Wednesday, February 1, 2012
We've posted before on Groundhog Day. Hope you have a happy one, and that you get the predictive result you prefer!
This year I'm thinking most about the local government aspects suggested by the movie, part of which I saw the other day. Last year I wrote that "Bill Murray is the arrogant city slicker who looks down at the rubes in the small town, until he comes to realize the importance of the small-town community values in Punxsutawney."
As local governments enter (or continue) in crisis mode, with severely constrained abilities to maintain the same level of public services as in the past, it's time more than ever for the rest of us to get involved, check on our neighbors, and really appreciate the communities in our lives where we can find them. When I watched part of the Groundhog Day movie recently, I started to think that the most important theme of the film was not big city vs. small town, but rather the importance of social capital and civic spirit in every community.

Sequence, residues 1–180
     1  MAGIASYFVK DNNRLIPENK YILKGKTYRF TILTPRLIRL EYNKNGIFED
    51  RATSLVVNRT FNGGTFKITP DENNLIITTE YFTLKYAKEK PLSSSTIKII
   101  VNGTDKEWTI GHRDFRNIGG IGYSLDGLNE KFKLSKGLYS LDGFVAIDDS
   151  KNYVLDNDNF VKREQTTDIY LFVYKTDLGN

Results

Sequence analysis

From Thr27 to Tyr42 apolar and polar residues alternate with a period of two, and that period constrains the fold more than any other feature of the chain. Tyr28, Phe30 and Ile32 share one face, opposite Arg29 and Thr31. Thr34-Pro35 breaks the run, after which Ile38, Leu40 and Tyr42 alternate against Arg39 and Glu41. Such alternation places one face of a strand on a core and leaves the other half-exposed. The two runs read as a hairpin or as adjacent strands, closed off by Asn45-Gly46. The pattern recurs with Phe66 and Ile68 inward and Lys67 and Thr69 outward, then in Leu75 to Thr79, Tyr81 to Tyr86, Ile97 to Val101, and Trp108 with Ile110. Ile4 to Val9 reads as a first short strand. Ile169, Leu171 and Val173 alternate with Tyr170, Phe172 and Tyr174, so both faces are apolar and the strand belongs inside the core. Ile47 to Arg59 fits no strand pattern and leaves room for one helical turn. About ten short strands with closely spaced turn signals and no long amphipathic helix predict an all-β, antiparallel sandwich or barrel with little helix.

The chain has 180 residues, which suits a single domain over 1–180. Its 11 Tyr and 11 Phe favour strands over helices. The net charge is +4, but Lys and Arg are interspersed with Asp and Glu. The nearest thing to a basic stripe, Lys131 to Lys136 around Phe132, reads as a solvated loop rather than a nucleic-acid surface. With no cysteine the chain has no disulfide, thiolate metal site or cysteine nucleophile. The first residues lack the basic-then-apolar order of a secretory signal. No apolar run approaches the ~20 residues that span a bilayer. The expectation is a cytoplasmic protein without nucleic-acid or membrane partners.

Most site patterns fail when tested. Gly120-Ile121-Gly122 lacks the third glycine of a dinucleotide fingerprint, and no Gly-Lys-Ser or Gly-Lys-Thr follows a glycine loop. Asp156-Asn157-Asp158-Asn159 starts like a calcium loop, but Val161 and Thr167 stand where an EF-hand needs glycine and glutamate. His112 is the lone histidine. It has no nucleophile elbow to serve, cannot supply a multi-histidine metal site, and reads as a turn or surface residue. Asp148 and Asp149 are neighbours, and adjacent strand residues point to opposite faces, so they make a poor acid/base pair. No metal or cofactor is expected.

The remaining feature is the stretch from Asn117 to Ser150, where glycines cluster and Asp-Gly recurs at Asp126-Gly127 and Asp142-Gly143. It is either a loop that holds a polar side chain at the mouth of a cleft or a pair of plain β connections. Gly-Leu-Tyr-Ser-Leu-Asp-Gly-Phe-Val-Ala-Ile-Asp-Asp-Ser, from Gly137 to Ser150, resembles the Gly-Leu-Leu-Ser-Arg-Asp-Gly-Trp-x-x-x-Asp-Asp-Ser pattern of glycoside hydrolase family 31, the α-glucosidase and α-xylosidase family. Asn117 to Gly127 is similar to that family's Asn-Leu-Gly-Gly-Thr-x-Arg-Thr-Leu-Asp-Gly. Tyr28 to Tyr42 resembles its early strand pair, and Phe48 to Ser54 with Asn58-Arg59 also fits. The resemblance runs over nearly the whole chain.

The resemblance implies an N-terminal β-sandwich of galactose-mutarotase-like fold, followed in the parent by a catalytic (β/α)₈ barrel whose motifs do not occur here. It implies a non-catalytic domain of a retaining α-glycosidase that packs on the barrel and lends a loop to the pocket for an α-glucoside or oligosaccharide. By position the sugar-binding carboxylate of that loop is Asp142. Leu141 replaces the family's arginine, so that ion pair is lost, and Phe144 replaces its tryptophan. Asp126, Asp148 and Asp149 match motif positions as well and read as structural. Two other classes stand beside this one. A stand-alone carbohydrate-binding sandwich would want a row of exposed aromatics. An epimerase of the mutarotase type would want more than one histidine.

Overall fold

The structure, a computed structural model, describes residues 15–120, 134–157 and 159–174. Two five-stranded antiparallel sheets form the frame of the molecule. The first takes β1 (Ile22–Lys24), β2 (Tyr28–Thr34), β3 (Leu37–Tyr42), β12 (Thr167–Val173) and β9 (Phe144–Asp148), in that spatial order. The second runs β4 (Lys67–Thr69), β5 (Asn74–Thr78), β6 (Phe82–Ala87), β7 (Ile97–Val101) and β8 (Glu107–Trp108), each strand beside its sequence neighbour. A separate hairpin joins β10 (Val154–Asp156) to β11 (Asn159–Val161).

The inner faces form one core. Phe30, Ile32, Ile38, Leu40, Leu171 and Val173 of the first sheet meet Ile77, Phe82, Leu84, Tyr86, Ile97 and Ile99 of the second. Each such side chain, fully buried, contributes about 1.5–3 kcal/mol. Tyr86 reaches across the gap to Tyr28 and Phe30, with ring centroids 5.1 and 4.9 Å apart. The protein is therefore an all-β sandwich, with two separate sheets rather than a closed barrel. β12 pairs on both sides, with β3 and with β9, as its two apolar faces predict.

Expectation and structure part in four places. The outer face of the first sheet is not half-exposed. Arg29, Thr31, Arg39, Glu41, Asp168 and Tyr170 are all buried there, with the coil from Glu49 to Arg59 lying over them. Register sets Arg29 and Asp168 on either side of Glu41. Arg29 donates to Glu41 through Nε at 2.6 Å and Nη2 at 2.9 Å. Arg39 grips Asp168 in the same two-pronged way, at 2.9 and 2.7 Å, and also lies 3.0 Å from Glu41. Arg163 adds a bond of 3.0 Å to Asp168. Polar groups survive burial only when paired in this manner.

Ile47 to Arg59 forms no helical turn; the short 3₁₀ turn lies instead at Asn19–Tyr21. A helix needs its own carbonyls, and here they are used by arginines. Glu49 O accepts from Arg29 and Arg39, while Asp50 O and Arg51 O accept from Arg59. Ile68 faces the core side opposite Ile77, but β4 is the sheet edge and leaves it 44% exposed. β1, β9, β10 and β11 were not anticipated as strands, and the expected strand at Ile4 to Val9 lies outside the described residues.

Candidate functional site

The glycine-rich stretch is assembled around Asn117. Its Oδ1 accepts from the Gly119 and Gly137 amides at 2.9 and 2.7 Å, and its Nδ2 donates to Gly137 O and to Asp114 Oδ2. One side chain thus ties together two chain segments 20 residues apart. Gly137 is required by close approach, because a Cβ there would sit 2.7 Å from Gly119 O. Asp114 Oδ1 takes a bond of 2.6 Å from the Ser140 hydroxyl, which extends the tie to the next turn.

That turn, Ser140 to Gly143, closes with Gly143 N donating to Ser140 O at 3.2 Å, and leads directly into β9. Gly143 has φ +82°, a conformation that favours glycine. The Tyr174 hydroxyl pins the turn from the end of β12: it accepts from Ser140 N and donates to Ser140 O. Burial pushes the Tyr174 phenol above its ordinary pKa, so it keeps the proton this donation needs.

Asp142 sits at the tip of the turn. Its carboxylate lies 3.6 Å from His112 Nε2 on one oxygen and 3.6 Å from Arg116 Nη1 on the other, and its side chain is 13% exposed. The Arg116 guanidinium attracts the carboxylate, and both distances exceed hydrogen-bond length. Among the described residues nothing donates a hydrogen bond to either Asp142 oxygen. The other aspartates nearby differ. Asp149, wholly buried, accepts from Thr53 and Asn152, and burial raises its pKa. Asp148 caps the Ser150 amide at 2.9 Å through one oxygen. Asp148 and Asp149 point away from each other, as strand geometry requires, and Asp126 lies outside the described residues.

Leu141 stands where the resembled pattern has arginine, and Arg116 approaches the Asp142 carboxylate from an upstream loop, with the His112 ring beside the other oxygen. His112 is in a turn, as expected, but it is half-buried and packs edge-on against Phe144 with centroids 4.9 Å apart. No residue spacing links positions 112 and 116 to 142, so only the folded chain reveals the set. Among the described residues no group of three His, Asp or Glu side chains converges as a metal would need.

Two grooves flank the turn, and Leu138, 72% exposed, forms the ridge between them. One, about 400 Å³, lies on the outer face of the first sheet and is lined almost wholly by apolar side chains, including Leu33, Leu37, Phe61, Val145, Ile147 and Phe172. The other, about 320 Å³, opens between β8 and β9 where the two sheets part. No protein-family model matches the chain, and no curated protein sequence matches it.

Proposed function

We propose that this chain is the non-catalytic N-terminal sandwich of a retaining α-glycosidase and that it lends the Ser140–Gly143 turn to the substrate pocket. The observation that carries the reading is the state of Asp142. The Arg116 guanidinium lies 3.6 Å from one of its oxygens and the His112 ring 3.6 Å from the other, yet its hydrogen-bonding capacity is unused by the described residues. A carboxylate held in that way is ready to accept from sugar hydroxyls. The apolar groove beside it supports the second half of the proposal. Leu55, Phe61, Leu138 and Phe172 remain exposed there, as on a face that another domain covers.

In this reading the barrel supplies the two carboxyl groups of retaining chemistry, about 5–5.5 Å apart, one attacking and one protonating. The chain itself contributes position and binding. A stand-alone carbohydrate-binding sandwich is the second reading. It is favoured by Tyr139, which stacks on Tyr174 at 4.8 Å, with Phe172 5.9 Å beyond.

Hope your winters' ends are just around the corner.
UPDATE: Punxsutawney Phil saw his shadow-- so that means "six more weeks of winter." Frankly, I never understood that. Where I grew up (upstate NY), having to face *only* six more weeks of winter as of February 2d would have been fantastic!
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- Jesse Richardson on New Arkansas law requires local governments to pay for a "takings" where certain "regulatory programs" reduce FMV by at least 20 percent
- Jamie Baker Roskie on Uber Goes to the State House Seeking Preemption of Local Government Control
- Stephen R. Miller on Why are building inspectors so often on the take?
- Michael Gerrard on Climate Change and Land Use Law
- Touro Law hosts First Annual Conference of the Land Use & Sustainable Development Law Institute
- Abstracts for 6th Annual Colloquium on Environmental Scholarship due May 1
- Space and the City - Special edition of The Economist
- Land Value Tax Redux